The Amish in Ohio are the largest such community in the country, and, among other things, have lower rates of cancer than their fellow citizens. Much lower as a matter of fact: 40% lower overall, and 30% lower if you remove tobacco from the equation. (Oh, that we could.)
So it seems the Amish can teach us a lot about the environmental and genetic contributions to the development of cancer. But what clues do we have that can inform these important lessons? They most certainly will not be found in their diet! If nothing else, the Amish are a pork and butter people. They also love sugar and use it lavishly. I have an Amish cookbook in my collection. It contains my favorite recipe for apple pie. The ingredients include butter, lard, and plenty of sugar … and a little more butter. I can only make the recipe once a year – for Thanksgiving – and then can only manage, in good conscience, to eat the smallest slice as my portion. Alas, my taste buds have become slaves of my frontal cortex.
The risk for breast cancer in Amish women is only 58% of the risk observed for other women living in Ohio. This statistic was obtained by a study published in the journal, “Cancer Causes and Control” in September, 2009. The findings of these investigators from Ohio State University were similar to studies carried out in other close religious communities: the Mormons of Utah, and the Seventh Day Adventists of California. The cultural proscriptions on tobacco, alcohol, and sexual promiscuity appear to be the common threads among these people – for their genetic differences do not seem to be a common denominator that can explain the lowered risk for cancer.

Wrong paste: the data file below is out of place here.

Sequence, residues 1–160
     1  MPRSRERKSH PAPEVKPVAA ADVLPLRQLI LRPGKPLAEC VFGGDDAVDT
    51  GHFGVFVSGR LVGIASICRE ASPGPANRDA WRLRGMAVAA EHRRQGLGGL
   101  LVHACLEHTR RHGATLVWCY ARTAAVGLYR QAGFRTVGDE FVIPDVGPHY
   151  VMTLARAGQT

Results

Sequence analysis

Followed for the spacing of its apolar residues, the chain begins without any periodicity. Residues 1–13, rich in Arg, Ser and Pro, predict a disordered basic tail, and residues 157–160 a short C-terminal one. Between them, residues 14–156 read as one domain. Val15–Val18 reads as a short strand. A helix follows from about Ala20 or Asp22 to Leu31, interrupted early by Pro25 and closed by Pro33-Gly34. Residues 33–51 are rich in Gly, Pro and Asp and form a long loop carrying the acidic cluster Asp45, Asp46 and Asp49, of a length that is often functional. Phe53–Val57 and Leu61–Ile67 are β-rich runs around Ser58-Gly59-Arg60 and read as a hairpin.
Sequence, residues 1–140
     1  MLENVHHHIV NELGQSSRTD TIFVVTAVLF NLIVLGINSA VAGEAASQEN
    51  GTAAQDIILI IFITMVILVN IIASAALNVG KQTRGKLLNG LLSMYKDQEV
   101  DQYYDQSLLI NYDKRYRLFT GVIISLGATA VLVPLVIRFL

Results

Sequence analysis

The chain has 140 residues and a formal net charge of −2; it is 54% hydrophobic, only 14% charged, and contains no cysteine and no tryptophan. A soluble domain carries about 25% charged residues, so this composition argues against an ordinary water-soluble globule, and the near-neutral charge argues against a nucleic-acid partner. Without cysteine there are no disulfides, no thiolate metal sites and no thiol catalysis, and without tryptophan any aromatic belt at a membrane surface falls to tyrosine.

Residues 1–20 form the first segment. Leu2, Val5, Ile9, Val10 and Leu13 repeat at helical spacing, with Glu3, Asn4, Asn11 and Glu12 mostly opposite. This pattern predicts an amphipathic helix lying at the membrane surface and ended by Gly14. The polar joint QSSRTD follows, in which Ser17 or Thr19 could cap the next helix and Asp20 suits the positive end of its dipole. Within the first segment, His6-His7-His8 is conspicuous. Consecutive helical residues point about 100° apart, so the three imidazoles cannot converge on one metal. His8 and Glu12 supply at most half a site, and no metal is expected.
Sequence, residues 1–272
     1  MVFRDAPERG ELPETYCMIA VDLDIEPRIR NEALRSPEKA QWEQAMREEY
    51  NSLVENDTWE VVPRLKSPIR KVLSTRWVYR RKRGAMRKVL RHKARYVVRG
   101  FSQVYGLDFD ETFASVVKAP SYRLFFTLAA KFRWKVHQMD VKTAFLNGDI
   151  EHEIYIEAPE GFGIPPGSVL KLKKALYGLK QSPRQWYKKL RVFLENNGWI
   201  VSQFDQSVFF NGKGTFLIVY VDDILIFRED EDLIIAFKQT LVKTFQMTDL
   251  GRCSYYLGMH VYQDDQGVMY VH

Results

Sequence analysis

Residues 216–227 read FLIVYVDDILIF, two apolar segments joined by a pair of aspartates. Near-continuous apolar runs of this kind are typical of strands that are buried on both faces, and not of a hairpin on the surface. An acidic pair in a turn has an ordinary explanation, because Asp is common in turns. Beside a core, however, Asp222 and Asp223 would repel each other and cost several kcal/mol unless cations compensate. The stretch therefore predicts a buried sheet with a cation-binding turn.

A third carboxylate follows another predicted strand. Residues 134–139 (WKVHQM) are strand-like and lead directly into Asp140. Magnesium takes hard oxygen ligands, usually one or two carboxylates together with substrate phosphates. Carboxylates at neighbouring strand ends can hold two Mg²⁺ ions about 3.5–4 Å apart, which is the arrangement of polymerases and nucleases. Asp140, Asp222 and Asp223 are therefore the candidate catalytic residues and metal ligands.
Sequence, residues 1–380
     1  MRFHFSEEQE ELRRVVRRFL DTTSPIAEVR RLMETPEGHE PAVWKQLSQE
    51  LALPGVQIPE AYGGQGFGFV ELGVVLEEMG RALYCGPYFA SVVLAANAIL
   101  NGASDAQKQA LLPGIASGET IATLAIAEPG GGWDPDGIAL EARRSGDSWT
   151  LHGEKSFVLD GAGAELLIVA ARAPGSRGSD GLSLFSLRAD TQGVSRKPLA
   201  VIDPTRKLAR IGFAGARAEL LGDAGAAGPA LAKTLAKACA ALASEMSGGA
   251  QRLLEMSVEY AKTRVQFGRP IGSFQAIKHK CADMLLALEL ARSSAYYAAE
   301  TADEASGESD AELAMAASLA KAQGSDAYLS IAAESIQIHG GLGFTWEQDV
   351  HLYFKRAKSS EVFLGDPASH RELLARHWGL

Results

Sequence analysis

Do I dare indulge my taste for perfect Amish apple pie more often? Perhaps not – for a diet high in saturated fat and sugar predisposes to other diseases, like heart and diabetes. Darn. Their pie is so good!
As for what the Amish can teach us about breast cancer, we need to better understand the role of tobacco and alcohol as risk factors. And since the Amish tend to have larger families overall, there is the additional question of birth control to consider. Do they use it? As often? Do they use oral contraceptives at the same rate as other women in Ohio, or at the same age? Is the use of hormone replacement therapy less in Amish women than others? These are good questions, but I wonder who will fund a study to answer them. Certainly not the pharmaceutical companies or organizations they support.
It’s a good start to know that there are several populations in the country with a significantly lower risk for breast cancer. Now that we know who they are, we need to go back and find out why. I think they can teach us a lot … if we care to learn.
C. Bloomfield, “Low cancer incidence rates in Ohio Amish.” Cancer Causes Control, 9 September 2009.